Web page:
Hotter than ever

Hotter than ever

In November, the planet briefly exceeded a dreaded milestone: 2°C of warming above pre-industrial levels.

Data from the Copernicus Climate Change Service – run by the European Centre for Medium-Range Weather Forecasts – shows that on November 17 and 18, the planet was 2°C warmer than its average on those days between 1850 to 1900. It marked the first time in recorded human history that the 2°C warming threshold has been passed. 

According to Dr Joëlle Gergis from the ARC Centre of Excellence for Climate Extremes, the milestone is disturbing, but doesn’t mean the Paris Agreement has already been broken. 

“What is more important is the consistent, long-term trend, which is typically measured in 30-year base periods,” Gergis says. “The Paris Agreement refers to sustained temperature anomalies about 2°C, not just single-day or monthly temperature departures.” 

With the world moving into an El Niño weather pattern, it appears likely that temperature records will continue to fall over the next few years. 

Climate guru’s dire warning 

Dr James Hansen is widely known as the scientist who warned US Congress about the dangers of human-driven climate change way back in 1988. Now Hansen and his team at Columbia University have released a report labelling the goal of restricting global warming to 1.5°C, “deader than a doornail.” 

The report predicts that, on average, temperatures over the next decade will be more than 1.5°C hotter than pre-industrial times, the result of climate change moving significantly faster than previously estimated.   

The sensational report hasn’t convinced everyone, though. Dr Michael Mann from the University of Pennsylvania responded to Hansen’s study at length on his personal website, questioning Hansen’s claims that ocean warming is accelerating and that a reduction in aerosol pollutants is increasing the absorption of solar radiation into the atmosphere.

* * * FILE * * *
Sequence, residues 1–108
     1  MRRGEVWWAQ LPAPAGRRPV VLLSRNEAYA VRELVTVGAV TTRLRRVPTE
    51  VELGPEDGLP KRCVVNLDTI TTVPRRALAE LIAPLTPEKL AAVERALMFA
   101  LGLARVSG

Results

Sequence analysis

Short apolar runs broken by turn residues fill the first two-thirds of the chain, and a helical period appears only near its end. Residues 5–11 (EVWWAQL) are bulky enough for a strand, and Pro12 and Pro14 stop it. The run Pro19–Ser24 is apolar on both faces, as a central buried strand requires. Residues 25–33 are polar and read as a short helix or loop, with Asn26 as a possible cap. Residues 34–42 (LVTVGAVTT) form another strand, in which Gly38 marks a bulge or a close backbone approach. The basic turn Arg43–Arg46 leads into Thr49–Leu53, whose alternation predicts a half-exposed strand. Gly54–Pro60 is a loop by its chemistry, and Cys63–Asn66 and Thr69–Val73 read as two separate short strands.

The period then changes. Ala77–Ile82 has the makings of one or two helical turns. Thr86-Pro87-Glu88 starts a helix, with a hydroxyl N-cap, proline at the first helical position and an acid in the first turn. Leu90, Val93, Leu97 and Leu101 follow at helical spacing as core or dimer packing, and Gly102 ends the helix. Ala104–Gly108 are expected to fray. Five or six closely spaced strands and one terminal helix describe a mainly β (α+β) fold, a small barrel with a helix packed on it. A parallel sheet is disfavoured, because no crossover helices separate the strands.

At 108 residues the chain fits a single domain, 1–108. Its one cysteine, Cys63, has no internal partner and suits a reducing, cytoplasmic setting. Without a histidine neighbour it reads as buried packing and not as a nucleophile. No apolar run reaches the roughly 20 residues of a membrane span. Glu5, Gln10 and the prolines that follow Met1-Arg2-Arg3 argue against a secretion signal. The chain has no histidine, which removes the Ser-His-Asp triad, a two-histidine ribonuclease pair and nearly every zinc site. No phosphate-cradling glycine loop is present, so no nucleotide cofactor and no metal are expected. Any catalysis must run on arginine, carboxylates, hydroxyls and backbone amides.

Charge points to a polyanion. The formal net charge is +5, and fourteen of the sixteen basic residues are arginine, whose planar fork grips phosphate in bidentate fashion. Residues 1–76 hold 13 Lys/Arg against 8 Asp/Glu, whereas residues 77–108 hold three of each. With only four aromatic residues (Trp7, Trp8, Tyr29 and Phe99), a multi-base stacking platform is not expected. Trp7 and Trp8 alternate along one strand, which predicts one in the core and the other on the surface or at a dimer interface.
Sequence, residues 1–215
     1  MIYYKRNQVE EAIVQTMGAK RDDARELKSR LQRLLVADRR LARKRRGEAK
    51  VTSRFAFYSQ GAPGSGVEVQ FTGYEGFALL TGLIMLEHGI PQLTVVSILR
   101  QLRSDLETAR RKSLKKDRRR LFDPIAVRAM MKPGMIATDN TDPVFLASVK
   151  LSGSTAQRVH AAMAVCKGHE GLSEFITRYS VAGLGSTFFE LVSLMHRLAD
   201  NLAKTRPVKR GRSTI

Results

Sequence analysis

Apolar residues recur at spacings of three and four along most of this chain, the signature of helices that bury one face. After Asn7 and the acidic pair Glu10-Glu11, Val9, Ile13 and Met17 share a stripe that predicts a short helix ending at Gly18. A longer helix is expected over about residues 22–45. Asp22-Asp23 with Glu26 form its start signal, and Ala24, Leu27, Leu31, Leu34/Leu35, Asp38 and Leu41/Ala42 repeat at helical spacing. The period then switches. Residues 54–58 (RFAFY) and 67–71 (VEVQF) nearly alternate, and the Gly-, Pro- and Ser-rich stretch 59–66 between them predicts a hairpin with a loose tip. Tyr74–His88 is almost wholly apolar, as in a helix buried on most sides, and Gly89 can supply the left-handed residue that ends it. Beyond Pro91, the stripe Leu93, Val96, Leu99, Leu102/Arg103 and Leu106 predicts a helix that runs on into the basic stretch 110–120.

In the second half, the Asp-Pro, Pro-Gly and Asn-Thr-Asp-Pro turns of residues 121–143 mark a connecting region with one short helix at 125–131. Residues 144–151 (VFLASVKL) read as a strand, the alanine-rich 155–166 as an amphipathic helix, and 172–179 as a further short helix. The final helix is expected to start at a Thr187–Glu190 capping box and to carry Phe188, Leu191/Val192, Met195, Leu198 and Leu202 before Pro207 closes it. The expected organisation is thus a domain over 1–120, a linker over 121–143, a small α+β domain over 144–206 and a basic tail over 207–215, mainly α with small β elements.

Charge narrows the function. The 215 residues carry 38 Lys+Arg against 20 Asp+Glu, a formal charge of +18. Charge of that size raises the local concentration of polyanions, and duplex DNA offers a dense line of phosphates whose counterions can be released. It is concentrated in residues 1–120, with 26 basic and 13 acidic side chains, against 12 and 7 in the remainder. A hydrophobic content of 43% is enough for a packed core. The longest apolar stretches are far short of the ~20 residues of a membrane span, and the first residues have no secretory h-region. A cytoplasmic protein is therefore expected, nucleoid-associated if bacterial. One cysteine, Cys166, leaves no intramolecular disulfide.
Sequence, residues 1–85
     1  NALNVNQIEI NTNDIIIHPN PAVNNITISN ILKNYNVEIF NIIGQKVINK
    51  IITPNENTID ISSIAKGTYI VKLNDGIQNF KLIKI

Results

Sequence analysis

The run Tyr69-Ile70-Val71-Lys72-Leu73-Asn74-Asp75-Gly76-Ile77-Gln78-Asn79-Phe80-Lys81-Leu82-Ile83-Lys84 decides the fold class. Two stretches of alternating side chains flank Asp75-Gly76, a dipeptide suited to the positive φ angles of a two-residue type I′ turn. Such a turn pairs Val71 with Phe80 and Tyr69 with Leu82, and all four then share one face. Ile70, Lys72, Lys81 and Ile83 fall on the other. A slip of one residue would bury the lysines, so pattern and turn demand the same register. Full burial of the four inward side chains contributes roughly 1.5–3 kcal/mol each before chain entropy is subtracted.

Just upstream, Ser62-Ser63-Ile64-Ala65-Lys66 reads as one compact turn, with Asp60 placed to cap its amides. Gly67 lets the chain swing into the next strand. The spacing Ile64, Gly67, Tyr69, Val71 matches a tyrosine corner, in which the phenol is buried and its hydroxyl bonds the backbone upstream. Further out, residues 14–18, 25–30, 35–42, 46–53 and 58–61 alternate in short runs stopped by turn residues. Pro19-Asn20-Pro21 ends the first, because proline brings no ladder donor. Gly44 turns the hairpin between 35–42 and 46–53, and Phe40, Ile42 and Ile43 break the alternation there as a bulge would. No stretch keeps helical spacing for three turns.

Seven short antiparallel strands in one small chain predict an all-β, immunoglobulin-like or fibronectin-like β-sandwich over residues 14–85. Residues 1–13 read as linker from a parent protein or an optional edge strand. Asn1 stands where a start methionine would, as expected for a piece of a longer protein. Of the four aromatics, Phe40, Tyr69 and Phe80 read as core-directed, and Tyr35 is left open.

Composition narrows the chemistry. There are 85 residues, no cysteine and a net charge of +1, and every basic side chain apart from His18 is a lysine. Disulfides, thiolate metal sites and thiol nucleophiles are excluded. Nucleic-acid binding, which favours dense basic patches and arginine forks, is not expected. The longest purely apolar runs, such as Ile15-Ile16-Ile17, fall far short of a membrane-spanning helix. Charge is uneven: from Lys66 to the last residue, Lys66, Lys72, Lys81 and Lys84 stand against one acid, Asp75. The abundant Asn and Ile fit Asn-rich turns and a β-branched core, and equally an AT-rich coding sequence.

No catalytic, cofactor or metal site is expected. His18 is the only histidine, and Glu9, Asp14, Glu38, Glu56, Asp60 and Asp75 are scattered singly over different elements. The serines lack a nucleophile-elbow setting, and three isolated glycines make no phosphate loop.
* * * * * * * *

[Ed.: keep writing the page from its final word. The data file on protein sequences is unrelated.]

“The standard is high when you’re challenging scientific understanding,” Mann says. “And I don’t think they’ve met that standard, by a long shot.” 

“We cannot address the climate catastrophe without tackling its root cause: fossil fuel dependence

Fossil pledge broken 

The 2023 Production Gap Report has found that governments around the world are jeopardising the goal of restricting global warming to 1.5°C by continuing to plan new fossil fuel projects.  

According to the report, the quantity of fossil fuels set to be produced in 2030 is 110 per cent more than would allow for the 1.5°C goal. It also shows that global coal production is set to increase until 2030, with oil and gas production on track to increase until 2050 or beyond. 

“Governments are literally doubling down on fossil fuel production; that spells double trouble for people and the planet,” UN Secretary-General António Guterres says. “We cannot address the climate catastrophe without tackling its root cause: fossil fuel dependence.” 

On track for 3°C 

Ahead of the Cop28 climate summit in the United Arab Emirates in early December, the UN warned that the world was on track for a “hellish” 3°C of global heating. 

In fact, according to the report, the world’s carbon-cutting policies are so inadequate that 3°C of heating would be reached this century. 

The UN Environment Programme (Unep) report indicates that implementing policies already promised by countries would shave only 0.1°C off the 3°C limit. Putting in place emissions cuts pledged by developing countries on condition of receiving financial and technical support would trim the temperature rise to 2.5°C – still a catastrophic scenario. 

To get on track for the internationally agreed target of 1.5°C, the report says 22bn tonnes of CO2 must be cut from the currently projected total in 2030. This is 42 per cent of global emissions and equivalent to the output of the world’s five worst polluters: China, the US, India, Russia and Japan. 

“There is no person or economy left on the planet untouched by climate change, so we need to stop setting unwanted records on emissions, temperature and extreme weather,” says Unep executive director Inger Andersen. “We must instead lift the needle out of the same old groove of insufficient action, and start setting other records: on cutting emissions and on climate finance.” 

Like to know more? 

To read the UN Environment programme (Unep) report, go to 

2023 Summer issue

This article appears in ecolibrium’s Summer 2023 issue

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